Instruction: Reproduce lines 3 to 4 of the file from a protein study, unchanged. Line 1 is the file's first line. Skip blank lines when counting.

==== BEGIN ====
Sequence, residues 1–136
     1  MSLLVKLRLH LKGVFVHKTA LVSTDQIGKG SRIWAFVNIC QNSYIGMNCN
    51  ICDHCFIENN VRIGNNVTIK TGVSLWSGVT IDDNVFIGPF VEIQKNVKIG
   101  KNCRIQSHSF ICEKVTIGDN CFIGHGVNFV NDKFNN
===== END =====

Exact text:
    51  ICDHCFIENN VRIGNNVTIK TGVSLWSGVT IDDNVFIGPF VEIQKNVKIG
   101  KNCRIQSHSF ICEKVTIGDN CFIGHGVNFV NDKFNN